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The comparative energetics of the turtles and crocodiles
  • Nina Marn,
  • Sebastiaan Kooijman
Nina Marn
Rudjer Boskovic

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Sebastiaan Kooijman
Vrije Universiteit Amsterdam
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The Add-my-Pet (AmP) collection of data on energetics and Dynamic Energy Budget (DEB) parameters currently contains 92 species of turtles and 23 species of crocodiles. We discuss patterns of eco-physiological traits of turtles and crocodiles, as functions of parameter values, and compare them with other taxa. Turtles and crocodiles accurately match the general rule that the life-time cumulated neonate mass production equals ultimate weight. The weight at birth for reptiles scales with ultimate weight to the power 0.6. The scaling exponent is between that of amphibians and birds, while that for mammals is close to 1. We explain why this points to limitations imposed by embryonic respiration, the role of water stress and the accumulation of nitrogen waste during the embryo stage. Weight at puberty is proportional to ultimate weight, and is the largest for crocodiles, followed by that of turtles. These facts explain why the precociality coefficient – approximated by the ratio of weight at birth and weight at puberty at abundant food – decreases with ultimate weight. It is the smallest for crocodile,s because of their large size, while that lizards and snakes are much larger than for turtles. The maximum reserve capacity in both turtles and crocodiles clearly decreases with the precociality coefficient. This relationship has not be found that clearly in other taxa, not even in other reptiles. Crocodiles have a relatively large assimilation rate and, as consequence, a large reserve capacity. Sea-turtles have a small weight and age at birth, which we link to reducing risks on the beach.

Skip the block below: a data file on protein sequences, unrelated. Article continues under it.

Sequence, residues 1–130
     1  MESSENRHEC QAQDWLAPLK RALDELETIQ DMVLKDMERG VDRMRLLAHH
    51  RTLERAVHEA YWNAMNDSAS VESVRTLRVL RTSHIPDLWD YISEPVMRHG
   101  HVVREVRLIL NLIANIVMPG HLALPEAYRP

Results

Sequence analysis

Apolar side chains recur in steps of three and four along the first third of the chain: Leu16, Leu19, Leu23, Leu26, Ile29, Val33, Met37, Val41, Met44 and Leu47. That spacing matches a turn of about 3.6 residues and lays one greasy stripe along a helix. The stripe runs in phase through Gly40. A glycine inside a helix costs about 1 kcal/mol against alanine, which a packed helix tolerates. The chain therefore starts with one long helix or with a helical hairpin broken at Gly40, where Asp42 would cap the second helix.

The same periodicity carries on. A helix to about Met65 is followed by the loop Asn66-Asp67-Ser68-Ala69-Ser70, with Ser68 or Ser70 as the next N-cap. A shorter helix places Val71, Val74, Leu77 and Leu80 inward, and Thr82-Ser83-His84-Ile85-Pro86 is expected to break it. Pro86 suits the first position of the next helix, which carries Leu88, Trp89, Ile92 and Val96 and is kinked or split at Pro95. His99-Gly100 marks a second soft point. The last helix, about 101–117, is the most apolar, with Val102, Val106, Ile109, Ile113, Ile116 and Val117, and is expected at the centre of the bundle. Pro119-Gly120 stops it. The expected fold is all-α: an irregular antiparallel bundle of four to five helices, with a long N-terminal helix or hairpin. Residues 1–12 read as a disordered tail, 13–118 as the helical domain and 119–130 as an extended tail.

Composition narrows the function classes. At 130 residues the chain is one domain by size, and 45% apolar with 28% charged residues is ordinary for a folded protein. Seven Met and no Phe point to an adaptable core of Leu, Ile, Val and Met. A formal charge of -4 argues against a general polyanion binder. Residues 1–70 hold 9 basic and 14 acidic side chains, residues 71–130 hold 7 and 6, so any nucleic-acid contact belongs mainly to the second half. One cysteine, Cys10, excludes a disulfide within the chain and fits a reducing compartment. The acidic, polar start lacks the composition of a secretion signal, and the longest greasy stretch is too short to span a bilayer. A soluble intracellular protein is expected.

03 Nov 2021Submitted to Ecology and Evolution
05 Nov 2021Submission Checks Completed
05 Nov 2021Assigned to Editor
12 Nov 2021Reviewer(s) Assigned
28 Mar 2022Review(s) Completed, Editorial Evaluation Pending
28 Mar 2022Editorial Decision: Revise Minor
14 Apr 20221st Revision Received
15 Apr 2022Submission Checks Completed
15 Apr 2022Assigned to Editor
15 Apr 2022Review(s) Completed, Editorial Evaluation Pending
20 Apr 2022Editorial Decision: Accept